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Giant Chinese-built Buddha triggers popular backlash in Laos

From bad debt to bad karma: Beneath religious symbolism lies fear of economic, political dominance by China

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Replica of Mahayana-style Buddha statue that Wan Feng Shanghai Real Estate Company wants to build in Vientiane. (Special Economic Zone Promo...

Replica of Mahayana-style Buddha statue that Wan Feng Shanghai Real Estate Company wants to build in Vientiane. (Special Economic Zone Promo...

TAIPEI (Taiwan News) — A giant 100-meter tall Buddha statue to be built in the middle of the Laotian capital of Vientiane has triggered anti-Chinese anger throughout the Southeast Asian country.

Laotian netizens have lambasted Chinese developer Wan Feng Shanghai Real Estate for its designs for what will be, if completed, the tallest structure in the country, according to a Nikkei report.

"People disagree with this symbol of China and are expressing anger on Facebook," one observer told the Japanese media outlet under anonymity. "They are accusing the Chinese of stepping on Laotian Buddhism."

The dispute arises due to stylistic differences between Buddhism's two main sects — Mahayana and Theravada. The former is widely practiced in East Asian countries, while the latter is more commonly observed in Southeast Asia as well as Sri Lanka.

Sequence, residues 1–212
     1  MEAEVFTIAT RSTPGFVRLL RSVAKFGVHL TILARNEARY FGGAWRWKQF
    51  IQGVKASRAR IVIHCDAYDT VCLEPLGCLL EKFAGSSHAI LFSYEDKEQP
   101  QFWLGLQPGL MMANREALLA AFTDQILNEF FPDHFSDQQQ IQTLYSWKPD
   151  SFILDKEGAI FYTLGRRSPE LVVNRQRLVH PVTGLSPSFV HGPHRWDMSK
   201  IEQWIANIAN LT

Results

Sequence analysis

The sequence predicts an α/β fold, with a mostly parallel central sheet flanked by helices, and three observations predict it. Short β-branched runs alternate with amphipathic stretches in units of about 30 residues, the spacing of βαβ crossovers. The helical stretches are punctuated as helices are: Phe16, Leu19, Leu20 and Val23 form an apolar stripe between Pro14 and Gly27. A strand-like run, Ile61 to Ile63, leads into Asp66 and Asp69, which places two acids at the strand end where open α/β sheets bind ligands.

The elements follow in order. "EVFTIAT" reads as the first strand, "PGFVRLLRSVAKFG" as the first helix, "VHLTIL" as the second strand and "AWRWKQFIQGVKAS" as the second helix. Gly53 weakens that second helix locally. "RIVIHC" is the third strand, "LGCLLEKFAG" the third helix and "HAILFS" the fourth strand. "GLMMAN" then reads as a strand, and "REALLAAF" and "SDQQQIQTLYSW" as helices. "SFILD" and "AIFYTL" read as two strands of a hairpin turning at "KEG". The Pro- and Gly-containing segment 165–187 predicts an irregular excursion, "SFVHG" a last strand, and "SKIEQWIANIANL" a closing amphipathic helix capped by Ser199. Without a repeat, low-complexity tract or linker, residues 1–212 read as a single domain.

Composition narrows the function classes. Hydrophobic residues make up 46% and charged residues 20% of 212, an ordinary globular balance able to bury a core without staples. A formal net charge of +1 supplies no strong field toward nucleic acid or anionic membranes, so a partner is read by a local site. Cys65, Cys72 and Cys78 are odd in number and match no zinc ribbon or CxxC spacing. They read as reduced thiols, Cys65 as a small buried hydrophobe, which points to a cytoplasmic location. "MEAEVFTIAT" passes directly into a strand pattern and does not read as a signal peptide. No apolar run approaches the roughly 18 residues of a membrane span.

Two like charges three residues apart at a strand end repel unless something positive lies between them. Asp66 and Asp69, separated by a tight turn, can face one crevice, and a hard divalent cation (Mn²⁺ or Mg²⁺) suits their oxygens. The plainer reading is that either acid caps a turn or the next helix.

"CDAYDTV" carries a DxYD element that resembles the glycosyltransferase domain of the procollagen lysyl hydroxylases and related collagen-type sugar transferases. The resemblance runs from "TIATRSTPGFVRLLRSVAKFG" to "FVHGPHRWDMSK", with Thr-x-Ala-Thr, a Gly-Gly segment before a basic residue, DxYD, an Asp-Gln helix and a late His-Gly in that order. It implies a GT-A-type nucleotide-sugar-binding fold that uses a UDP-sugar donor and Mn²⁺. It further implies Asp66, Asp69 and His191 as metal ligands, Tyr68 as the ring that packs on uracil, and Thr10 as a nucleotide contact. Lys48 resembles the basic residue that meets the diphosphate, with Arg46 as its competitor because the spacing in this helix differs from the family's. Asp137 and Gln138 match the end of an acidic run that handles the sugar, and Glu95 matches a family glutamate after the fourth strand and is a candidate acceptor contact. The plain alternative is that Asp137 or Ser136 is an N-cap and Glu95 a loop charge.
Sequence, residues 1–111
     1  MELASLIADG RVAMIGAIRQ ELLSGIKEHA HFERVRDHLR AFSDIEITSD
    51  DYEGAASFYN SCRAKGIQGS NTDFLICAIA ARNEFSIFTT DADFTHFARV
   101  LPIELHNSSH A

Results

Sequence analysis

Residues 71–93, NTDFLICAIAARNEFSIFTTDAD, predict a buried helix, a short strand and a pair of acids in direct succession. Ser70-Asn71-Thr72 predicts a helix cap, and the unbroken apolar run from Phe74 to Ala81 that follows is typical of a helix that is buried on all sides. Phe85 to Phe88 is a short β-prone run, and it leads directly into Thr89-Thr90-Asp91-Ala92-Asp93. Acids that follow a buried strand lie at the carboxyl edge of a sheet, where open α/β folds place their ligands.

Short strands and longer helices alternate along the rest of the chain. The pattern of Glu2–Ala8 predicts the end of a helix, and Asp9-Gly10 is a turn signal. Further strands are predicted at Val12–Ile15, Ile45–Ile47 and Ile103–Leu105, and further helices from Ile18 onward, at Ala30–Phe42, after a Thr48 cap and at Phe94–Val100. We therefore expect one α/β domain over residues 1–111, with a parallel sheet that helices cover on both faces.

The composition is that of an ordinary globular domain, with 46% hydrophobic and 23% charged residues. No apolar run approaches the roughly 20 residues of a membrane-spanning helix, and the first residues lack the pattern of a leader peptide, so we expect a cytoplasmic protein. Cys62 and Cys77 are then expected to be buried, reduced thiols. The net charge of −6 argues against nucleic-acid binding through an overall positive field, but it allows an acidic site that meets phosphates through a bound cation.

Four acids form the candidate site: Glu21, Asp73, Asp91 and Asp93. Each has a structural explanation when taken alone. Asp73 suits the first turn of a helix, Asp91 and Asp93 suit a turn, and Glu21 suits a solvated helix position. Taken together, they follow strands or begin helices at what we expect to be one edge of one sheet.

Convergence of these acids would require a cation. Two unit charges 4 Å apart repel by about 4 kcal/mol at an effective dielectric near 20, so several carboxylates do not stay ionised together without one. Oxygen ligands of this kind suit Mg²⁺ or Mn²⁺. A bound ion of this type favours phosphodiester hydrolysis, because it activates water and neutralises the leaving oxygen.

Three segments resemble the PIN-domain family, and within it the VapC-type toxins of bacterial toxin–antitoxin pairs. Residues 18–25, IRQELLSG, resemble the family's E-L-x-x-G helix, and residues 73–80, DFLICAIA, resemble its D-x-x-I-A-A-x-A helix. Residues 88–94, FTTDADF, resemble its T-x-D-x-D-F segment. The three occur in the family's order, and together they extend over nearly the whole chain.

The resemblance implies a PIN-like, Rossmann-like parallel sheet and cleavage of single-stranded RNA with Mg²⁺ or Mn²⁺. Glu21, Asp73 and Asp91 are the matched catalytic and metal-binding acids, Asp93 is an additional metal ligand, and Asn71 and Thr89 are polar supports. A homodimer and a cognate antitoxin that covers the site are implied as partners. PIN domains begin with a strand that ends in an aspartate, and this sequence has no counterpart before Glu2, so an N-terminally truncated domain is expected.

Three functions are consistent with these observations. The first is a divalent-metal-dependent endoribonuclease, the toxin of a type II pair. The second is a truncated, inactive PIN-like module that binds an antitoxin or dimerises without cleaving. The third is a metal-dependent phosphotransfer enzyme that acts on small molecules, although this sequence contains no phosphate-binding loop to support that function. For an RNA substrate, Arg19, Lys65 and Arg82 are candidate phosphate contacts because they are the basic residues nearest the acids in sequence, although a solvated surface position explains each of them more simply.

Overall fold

A photo of a replica of the statue making the rounds in the local press clearly shows it to be fashioned in the Mahayana style, per Nikkei. In Laos, Buddha is usually seen cross-legged, as opposed to standing as in the planned statue.

The location is also contentious — close to Pha That Luang, the gold-plated Buddhist stupa in the heart of the city.

"It would be unacceptable that a large statue was built in the That Muang Marsh SEZ to attract tourism not far from Pha That Luang stupa, a symbol of Lao sovereignty," said Adisorn Semyaem of Thailand’s Chulalongkorn University, suggesting the anxiety may be as much political as religious.

Concerns over eroding sovereignty are likely connected to Laos’ economic dependency and indebtedness to China. As Nikkei points out, huge infrastructure projects backed by Chinese loans have sunk the Southeast Asian country deeper into debt. The country, whose GDP is a mere US$20 billion (NT$556.8 billion), is saddled with an estimated US$12.6 billion in foreign debt, almost half of which it owes to China.

Given how deep the debt trap descends in Laos, Buddhist culture has become “the only thing left to be preserved as an indicator of their character and identity," according to Supalak Ganjanakhundee, a Bangkok-based Laos analyst.